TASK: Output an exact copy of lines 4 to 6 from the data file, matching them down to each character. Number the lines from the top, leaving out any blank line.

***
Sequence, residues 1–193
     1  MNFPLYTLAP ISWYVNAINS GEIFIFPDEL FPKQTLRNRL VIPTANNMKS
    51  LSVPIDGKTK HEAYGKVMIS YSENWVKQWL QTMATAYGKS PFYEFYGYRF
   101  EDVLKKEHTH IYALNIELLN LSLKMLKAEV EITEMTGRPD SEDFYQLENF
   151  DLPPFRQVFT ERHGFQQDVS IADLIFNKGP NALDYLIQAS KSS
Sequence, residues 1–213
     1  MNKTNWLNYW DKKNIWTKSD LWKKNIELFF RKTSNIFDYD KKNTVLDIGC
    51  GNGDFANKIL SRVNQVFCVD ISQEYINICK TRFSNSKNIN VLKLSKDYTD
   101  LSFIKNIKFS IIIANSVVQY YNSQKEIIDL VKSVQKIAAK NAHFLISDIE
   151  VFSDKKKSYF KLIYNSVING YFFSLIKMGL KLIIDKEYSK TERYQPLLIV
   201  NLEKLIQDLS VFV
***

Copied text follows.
   101  EDVLKKEHTH IYALNIELLN LSLKMLKAEV EITEMTGRPD SEDFYQLENF
   151  DLPPFRQVFT ERHGFQQDVS IADLIFNKGP NALDYLIQAS KSS
Sequence, residues 1–213